The brown bits/milk solids-you don’t have to discard them. Next time try this: scrape the milk solids from the bottom of the pan, add some sugar, mix the milk solids and sugar slightly and eat away!! I know it sounds kind of weird but those milk solids are the best thing EVER!! I usually add sugar and roll them into tiny balls and munch of them. They are bitter on their own so adding the sugar is essential.

  81. Trish says

    Hi Sonia! Beautiful pics and tutorial! 2 questions please. 1) I did not get any brown bits at all. I LOVE browned butter and was waiting for that. My butter was really boiling for at least 20 minutes but maybe that’s not long enough? 2) I let the ghee mostly harden in the bowl I strained it into before placing it in jars (I thought the look would be better) and now I’m glad I did because I had runny milkish liquid at the bottom of the collection jar which I poured out before placing the partially hardened ghee in the smaller ball jars. What was that? If I had poured the hot ghee into jars right away, this liquid would have ended up at the bottom of those small jars too I’m imagining…. Thanks sooo much and I really want to master this!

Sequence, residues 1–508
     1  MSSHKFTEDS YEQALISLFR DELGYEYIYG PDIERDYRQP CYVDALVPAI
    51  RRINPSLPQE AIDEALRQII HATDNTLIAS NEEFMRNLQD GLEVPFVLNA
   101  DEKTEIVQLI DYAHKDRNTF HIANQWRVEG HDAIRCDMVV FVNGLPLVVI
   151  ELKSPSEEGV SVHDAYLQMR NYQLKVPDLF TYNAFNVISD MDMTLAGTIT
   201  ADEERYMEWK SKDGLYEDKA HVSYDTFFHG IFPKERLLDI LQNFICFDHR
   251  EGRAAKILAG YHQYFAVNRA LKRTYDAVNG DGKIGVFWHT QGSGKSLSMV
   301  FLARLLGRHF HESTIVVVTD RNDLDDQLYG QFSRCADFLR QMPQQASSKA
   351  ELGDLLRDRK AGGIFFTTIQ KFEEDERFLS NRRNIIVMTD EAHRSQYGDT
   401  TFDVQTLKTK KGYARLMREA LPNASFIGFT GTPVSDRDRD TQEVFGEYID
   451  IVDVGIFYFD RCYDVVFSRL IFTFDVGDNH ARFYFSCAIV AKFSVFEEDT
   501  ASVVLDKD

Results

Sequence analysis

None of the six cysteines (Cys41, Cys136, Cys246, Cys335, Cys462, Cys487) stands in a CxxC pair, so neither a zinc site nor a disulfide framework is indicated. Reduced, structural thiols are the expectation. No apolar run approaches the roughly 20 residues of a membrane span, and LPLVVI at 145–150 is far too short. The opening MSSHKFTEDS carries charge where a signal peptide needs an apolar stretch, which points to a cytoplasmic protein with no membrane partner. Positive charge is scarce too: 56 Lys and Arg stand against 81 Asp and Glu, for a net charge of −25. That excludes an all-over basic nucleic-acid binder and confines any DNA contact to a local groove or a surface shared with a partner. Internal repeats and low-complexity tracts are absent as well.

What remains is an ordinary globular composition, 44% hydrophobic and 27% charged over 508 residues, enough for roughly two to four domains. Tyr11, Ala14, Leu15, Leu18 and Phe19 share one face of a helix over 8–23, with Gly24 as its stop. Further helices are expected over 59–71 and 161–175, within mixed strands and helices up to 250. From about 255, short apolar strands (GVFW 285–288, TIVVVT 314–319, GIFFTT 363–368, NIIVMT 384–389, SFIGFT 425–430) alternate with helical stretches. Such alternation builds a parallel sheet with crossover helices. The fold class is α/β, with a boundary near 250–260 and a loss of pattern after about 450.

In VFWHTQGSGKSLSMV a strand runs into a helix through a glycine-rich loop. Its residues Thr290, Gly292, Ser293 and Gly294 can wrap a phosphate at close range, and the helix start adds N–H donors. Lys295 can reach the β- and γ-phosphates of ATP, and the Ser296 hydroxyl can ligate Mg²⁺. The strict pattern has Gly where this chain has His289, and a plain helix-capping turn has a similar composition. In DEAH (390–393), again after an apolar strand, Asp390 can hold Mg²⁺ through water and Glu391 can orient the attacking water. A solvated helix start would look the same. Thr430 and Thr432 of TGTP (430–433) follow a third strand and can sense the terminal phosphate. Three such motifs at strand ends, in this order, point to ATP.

82. Asia says

    Thank you so much for this! This visuals really help. I’ve been scared to try this, but now that I know what I’m looking for I’m hoping I can muddle through okay!

  83. Jerry says

    This has to be the best step-by-step instructions I’ve seen. The pictures help immensely! I’m not sure what happened but I used to open this page on my iPad when making my ghee but now the page crashes and I have to use my laptop. There appears to be an ad trying to open when using the iPad.

    • says

      Thanks Jerry, real happy to hear that you are enjoying my tutorial! 😀

      As for the page not loading for you, it’s probably a local issue with your iPad. Have you tried clearing your cache, maybe? Sometimes that helps…